SDRLab: an RTL-SDR interface to LabVIEW for educational purposes

The RTL-SDR project aims to use cheap USB DVB-T receviers as Software Defined Radio receivers. I've recently made some SubVIs for LabVIEW that grab I/Q samples from these devices, and I've also implemented a demodulator for FM broadcasts.

It's important to note that the corresponding National Instruments USRP hardware have much better performance and also able to transmit as well, so actually USRP is suitable for industrial purposes, while RTL-SDR might only be recommended for students and hobbyists. There's a table below that shows a comparison between some parameters of the two systems. (However, these are also dependent on hardware configuration, e. g. for RTL-SDR dongles the tuner chip on the panel.)

Frequency range 400 Mhz - 4.4 GHz 50 MHz - 1800 MHz
Bandwidth max. 40 MHz max. 2 MHz
Bit depth max. 16 bit 8 bit
2×2 MIMO available yes no
Transmit capability yes no

RTL-SDR devices also suffer from image rejection problems, "birdies" showing up in the spectrum, and intermodulation products. Anyway, they have quite a good sensitivity, and can be used to receive amateur radio operators, PMR walkie-talkies, FM radio and also TV audio. There have even been successful experiments to decode raw GSM packets and GPS signals with these devices.

Nevertheless, our project might help some people to start out with SDR and signal processing, particularly other students, who can't afford costly hardware, but can buy a DVB-T tuner for ~15 USD, and might start to experiment with LabVIEW using real-world signals. Similarly LabVIEW supports cheap devices like Arduino with a free add-on. Considering the limitations of RTL-SDR, the software we release is useful mainly for educational purposes.

There's a list of compatible hardware devices over here. You can also search for RTL-SDR or RTL2832U on eBay.


  • An RTL-SDR compatible DVB-T dongle,
  • RTL-SDR windows binaries downloaded,
  • driver already set up (easiest way is to follow this tutorial and install the driver along with SDR#),
  • National Instruments LabVIEW 2011.

How to run

  • Unpack the supplied project and open sdrlab.lvproj.
  • Copy START_RTL_TCP.bat to the directory where rtl_tcp is located, and run it.
  • Now you can run the that is supplied with the project, you can leave address and port settings as is and press Play.


  • In this version, after changing parameters like frequency and gain, you'll have to wait about 10 seconds to hear the changes taking effect. It might help if you find the frequency of a strong FM broadcast station in SDR# before trying this program.
  • The project will run as well on Student Edition, without the Modulation Toolkit. (If LabVIEW complains about it, run sdrlab_no_mt.lvproj.) It may also run on the Linux version of LabVIEW, but you have to use the corresponding rtl_tcp version.
  • Anyway, if you want to use Modulation Toolkit for processing the I/Q samples grabbed from RTL-SDR, there's a included, which basically does something similar to (However, the support for this toolkit is only partially tested for now.)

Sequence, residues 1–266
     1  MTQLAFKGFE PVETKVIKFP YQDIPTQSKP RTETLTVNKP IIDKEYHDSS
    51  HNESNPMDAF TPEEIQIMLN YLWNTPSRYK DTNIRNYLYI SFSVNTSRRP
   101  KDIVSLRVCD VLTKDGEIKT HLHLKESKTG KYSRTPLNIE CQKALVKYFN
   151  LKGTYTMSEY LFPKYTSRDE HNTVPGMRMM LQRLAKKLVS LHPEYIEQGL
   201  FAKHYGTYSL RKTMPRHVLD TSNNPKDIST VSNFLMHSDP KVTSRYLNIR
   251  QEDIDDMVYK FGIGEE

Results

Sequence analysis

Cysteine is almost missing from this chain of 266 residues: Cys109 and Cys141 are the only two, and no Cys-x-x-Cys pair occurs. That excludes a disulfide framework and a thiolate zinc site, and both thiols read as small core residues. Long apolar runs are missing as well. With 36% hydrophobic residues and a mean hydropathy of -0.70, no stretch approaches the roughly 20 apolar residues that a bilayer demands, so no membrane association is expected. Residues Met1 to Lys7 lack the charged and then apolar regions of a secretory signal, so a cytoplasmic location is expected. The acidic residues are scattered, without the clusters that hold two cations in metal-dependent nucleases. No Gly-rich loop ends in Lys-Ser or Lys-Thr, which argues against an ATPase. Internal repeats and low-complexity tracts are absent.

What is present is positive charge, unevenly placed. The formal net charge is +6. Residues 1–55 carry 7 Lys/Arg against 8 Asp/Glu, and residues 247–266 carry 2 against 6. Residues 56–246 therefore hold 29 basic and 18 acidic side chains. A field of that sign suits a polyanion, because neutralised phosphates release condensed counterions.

• rtl_tcp is quite bogous at the moment, many times it rather fails and exits than accepting the TCP connection, especially when you try to connect the second time. If it happens, pressing (or pressing and holding) Ctrl+C in the terminal window might help to restart it.

The project is available for download and use under the BSD licence:

I would like to say thanks to Ferenc Ender for his great course on LabVIEW I've taken at the university last year (and this software also started out as homework for this course). Also thanks to Alipio Fernandez for testing and feedback.

-- András Retzler, HA7ILM


I am a beginner regarding Labview.
The interface with the toplevel VI is really amazing and so far as I know the only one till now for RTL-SDR (I have one with the E4000 and a
Funcube Pro)
The sound with your interface very clear!

I try to rebuild your interface with the mod_toolkit_example.VI in order to achieve a continious and clear sound with the modulation toolkit.
However, the sound is very creaky. I really don't know how to solve this problem. Besides of that it stops after a while.
I wonder if you are familiar with the WaveIO soundcard interface for Labview from Christian Zeitnitz?

I'm happy if you've found SDRLab useful.
The most challenging thing was to get clear audio, without any clicks, lags, etc.

As far as I remember, built-in sound VIs do have a small buffer so you can't just pipe one second of demodulated audio into them at once. However, from rtl_tcp you get quite big chunks of data. Feeding the sound VIs properly is a specific part of, and there's also a SubVI included to help that.

Lags can also occur if your demodulating process is slow, therefore Sound Output Write VI gets less data than required (underrun). Also note that you can easily make an SDR application that uses multiple CPU cores if you follow some rules. The approach used in SDRLab is called "pipelining", and is described here. (It's basically a while loop with feedback nodes in it.)

Progress bars on the left side of the panel are to indicate which part of the demodulating process finishes last for one iteration (thus it takes the most time).

Thanks for mentioning WaveIO, I was aware of it during the development, but I ended up not using it. It would also be nice if someone managed to build a version using that, as of those SubVIs look quite robust.

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